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Golf a trial by ordeal? Sometimes it’s exactly that


Trial by ordeal was an ancient judicial practice by which the guilt or innocence of the accused was determined by subjecting them to a painful, dangerous or at least unpleasant experience. It is uncertain when the practice began, but it spanned many cultures and to many forms, from boiling oil and poison, to hot and cold water. Especially in medieval Europe, it was recorded in “witch hunts” and sometimes considered “a judgment of God,” based on the premise God would help save the innocent by performing a miracle. In this case I’m using “trial by ordeal” as a metaphor for the torment and agony and the painful experience involved with the trials of golf, and perhaps the test of our patience as golfers.

Some non-golfers would rather not put themselves through the “ordeal” of even trying to learn golf, since they figure it’s way too hard and time-consuming. Some avid golfers wonder why they put themselves through such and ordeal every week; and then they make a miraculous birdie and go out the next week to play and torment themselves again. In some golfing situations the trial and ordeal we are going through seems all too real.

Let’s take finding your golf ball in a deep sand bunker, which requires an expert golfer to loft that ball out and on to the green. Instead, you take five maddening strokes to extract your ball, thereby ruining an otherwise decent round. There’s a reason the Scots named one sand trap at St. Andrews the “hell bunker.” Then there’s the horror of hitting four or five putts to get the ball in the cup, while struggling with the anguish of the yips. And, yes, golf’s torment includes the “s” word – the dreaded shank. That affliction, truly a trial by ordeal, may come and go indefinitely.

Other golfers experience ordeals, not by playing, but by accidents and mishaps. Accidents on the course account for  more than 40,000 serious injuries (requiring ER visits) or deaths annually in the U.S.; that doesn’t include strokes or heart attacks. Five years ago a close friend of mine got bit by a rattlesnake as he stepped off the cart path toward his ball at one of our local golf courses. It was very serious, requiring 14 vials of anti-venin; the hospital only had 15 on hand. Twelve years ago, playing on my home course, I hit my drive on the 13th hole, picked up my tee, and was immediately flattened to the ground having been hit by a driver swung by a member of our group practicing his swing right next to the tee. It was painful and bloody, and I needed 12 stitches above the eye, but thankfully, no eye damage. Ordeals can happen anytime and anywhere.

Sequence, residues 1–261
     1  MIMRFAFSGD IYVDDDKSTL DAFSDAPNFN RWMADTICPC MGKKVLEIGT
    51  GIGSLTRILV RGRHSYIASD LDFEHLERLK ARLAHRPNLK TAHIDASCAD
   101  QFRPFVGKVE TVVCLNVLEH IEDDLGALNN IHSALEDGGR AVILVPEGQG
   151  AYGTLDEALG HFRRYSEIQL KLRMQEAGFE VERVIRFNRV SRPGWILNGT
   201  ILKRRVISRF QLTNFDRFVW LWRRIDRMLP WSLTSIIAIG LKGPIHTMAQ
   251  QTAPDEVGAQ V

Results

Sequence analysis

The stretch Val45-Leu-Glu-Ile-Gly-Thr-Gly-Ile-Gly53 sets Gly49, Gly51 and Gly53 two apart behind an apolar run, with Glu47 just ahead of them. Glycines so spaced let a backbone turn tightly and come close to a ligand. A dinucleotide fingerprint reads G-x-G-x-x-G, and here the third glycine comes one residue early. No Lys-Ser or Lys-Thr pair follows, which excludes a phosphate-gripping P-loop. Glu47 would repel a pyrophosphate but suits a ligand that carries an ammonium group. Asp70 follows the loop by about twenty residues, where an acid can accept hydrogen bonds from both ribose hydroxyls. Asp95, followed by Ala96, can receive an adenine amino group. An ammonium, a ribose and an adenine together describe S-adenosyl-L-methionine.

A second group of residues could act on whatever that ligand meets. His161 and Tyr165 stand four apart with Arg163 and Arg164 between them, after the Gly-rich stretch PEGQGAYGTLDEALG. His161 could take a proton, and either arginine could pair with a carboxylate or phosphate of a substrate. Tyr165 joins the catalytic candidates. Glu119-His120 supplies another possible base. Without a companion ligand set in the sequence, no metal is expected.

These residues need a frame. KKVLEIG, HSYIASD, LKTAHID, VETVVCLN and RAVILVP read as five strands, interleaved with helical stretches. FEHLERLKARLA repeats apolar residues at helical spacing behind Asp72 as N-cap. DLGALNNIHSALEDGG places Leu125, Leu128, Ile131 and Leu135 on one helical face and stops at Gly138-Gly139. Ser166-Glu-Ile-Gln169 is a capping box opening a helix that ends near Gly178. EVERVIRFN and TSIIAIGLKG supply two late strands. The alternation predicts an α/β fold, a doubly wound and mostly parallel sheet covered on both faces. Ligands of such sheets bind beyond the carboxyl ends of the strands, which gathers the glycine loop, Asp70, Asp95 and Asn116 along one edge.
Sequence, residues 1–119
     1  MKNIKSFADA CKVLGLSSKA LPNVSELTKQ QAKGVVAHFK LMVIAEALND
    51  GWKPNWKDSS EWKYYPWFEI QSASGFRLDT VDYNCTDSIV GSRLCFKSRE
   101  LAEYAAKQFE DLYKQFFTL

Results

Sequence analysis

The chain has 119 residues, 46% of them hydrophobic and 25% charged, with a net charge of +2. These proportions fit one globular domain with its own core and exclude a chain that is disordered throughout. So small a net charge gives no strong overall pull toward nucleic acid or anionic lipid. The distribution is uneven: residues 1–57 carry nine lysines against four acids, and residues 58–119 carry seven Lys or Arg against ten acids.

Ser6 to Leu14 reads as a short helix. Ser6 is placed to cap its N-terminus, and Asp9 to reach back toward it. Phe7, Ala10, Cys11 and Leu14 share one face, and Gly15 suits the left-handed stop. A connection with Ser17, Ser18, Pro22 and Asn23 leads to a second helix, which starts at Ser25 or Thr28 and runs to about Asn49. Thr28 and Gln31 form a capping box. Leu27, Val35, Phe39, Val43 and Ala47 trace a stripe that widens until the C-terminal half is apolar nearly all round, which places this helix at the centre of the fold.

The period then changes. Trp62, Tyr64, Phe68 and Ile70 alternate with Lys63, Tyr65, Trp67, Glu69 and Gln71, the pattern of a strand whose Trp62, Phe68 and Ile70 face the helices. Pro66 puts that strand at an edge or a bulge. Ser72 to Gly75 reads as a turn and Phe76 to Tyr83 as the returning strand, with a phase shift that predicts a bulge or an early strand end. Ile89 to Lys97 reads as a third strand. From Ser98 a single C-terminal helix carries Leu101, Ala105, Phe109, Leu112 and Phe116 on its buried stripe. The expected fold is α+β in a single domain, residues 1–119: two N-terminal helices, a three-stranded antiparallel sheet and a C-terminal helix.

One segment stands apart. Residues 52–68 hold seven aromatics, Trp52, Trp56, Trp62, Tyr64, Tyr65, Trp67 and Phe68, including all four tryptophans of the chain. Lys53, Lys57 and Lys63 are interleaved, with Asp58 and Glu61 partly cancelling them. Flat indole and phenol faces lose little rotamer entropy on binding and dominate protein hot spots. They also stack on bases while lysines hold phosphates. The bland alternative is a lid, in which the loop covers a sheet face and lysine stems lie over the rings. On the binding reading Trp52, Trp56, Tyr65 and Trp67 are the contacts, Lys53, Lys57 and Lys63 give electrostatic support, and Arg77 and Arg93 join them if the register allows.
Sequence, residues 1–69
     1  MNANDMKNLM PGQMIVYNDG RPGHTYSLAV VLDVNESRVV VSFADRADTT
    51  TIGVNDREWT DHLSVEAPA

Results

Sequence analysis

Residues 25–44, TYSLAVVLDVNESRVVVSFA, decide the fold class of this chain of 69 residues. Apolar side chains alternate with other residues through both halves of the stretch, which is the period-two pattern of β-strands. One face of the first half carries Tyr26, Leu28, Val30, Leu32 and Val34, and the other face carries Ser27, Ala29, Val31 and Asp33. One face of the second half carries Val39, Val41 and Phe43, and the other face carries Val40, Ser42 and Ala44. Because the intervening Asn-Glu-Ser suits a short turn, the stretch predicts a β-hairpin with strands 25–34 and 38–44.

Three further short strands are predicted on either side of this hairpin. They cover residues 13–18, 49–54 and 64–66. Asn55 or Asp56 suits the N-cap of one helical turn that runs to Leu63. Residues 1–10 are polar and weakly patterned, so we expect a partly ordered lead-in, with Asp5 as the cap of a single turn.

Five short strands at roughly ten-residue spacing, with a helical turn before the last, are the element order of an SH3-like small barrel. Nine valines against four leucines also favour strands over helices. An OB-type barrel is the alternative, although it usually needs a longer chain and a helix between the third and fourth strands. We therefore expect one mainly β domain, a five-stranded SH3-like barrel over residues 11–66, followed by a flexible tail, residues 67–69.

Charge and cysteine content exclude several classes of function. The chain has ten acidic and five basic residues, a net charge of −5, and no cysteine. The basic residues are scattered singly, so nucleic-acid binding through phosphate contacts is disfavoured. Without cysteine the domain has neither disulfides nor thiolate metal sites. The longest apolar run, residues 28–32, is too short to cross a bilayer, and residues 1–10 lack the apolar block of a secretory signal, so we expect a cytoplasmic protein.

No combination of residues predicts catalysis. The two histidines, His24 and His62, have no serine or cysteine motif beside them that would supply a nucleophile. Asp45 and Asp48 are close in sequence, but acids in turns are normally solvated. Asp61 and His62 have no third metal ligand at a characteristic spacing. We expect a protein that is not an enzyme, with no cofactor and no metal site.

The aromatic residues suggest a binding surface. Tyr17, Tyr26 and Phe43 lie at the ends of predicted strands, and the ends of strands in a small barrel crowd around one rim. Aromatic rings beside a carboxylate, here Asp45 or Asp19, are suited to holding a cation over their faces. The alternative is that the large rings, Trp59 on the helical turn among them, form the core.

Waiting for slow golfers is an ordeal of a different sort. Slow golfers often play inappropriately long tees, and then waste time looking for their mis-hit balls. Then you are forced to watch as they slowly take five practice swings, go back to their bag to change clubs, slowly walk back to their cart, slowly clean their club, slowly put the head cover on, slowly get into the cart, chat with their passenger and then slowly drive off. And then waiting for four or five players on the green to decide who’s away, and only decide to size up the putt when it’s their turn, and agonize over an 18-inch putt, and slowly walk off the green.

If anyone has tuned in to an LIV golf tour 54-hole tournament you know it’s an ordeal just listening to the ear-splitting rappers blaring through giant speakers before LIV players tee off. The LIV people even have a dumb-down slogan that goes “Pro golf but louder.” Finally, it may not constitute an ordeal but it sure is very annoying, hearing some overserved cretin yell “get in the hole” on almost every hole on TV. That thankfully doesn’t happen at the Masters.